Natural healing, natural wellness

Pet Therapy

Billy’s lying in one of his favorite spots – on the cushion by the window, overlooking the river. When I went up to him to stroke him, he bit down lightly on my hand. I wasn’t annoyed, I just laughed. Billy’s a funny cat – when he’s in a bad mood, he bites. When he’s happy, he also bites. It’s rarely painful, it’s just enough to let him express his individualism.

This feline is such a character. He likes to knead his paws on my tummy (ouch!) and he loves to get under the covers with me. When I take out the ironing board, he leaps on it before I can start ironing because, for some reason, he thinks it’s a place for massage and I’m his personal masseuse. So I have to massage him before he’ll get off, leaving fine kitty fur all over the board.

Billy also enjoys ambushing Ginger, my sweet-natured doggy who found him when he was barely a month old. You should see him lying in wait, flicking his tail and wriggling his posterior as he gets ready to pounce on poor unsuspecting Ginger. Ginger puts up with Billy. She thinks that he’s always trying to steal her food, which is really hilarious as she’s 10 times bigger than Billy is, and her kibble is more than Billy can manage. She probably thinks that way because she’s stolen Billy’s food many times. Those two furballs are a riot and they provide me with endless hours of amusement, companionship and love.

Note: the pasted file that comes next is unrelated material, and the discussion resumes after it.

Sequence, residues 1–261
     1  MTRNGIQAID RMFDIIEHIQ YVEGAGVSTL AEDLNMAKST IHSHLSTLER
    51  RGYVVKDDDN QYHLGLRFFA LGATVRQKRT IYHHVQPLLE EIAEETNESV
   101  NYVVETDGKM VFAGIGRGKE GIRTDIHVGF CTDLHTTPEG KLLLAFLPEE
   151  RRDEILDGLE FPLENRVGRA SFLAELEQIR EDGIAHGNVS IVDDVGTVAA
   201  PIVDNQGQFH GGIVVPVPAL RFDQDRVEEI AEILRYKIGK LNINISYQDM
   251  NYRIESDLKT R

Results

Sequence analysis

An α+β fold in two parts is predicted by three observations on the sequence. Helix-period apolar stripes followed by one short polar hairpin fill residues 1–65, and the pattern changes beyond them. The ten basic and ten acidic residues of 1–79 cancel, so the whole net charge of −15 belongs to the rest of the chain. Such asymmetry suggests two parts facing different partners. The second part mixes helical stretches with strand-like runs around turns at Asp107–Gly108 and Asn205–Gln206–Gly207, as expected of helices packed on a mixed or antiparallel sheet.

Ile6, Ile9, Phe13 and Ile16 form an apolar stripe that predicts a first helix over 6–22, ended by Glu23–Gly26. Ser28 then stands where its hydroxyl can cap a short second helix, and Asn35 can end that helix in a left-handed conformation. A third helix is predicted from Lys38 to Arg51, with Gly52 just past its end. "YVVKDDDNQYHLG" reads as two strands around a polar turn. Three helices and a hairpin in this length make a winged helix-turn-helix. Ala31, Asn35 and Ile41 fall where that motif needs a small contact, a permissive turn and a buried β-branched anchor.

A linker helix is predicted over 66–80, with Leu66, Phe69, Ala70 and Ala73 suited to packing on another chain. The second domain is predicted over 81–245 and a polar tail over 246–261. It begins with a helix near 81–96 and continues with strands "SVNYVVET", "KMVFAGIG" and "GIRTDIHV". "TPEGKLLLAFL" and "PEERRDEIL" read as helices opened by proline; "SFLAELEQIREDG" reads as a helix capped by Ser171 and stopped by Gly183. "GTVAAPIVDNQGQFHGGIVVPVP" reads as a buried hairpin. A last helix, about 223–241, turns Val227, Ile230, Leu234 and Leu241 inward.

Keeping a pet is good for your health. Their therapeutic powers range from helping to keep the blood pressure in check (unless they poop on the carpet, of course), providing comfort during depression and improving physical fitness levels. Pets, even cranky ones like Billy, are natural mood enhancers. They always look up to you – except maybe for cats who can be snotty – and make you feel good.

Generally, spending time with your pets will reduce your levels of cortisol, the hormone associated with stress. Serotonin levels (a chemical associated with well-being) rise. Too much stress is harmful while rest is healing. It’s elementary.

Having a dog who needs to be walked twice a day forces you to get some exercise, a good thing for urban-living sedentary types. If your pooch is anything like Ginger, who has a mind of her own and is constantly in a tug-of-war with me, you’ll also benefit from weight bearing activity which strengthens your muscles and bones. Walking your dog is a healthy and inexpensive way of preventing osteoporosis.

For some great true stories about cats and dogs who helped their guardians through breast cancer treatment, check out:

The true story of kitty-cat Luke and her guardian Karen who had Stage III triple negative breast cancer
AND
The true story of Great Dane Kenya and her guardian “lifegoeson” who had Stage IV breast cancer

If you don’t have a pet, why not adopt one from the animal shelter? You’ll be saving more than just the animal’s life – you could be saving YOURS as well.

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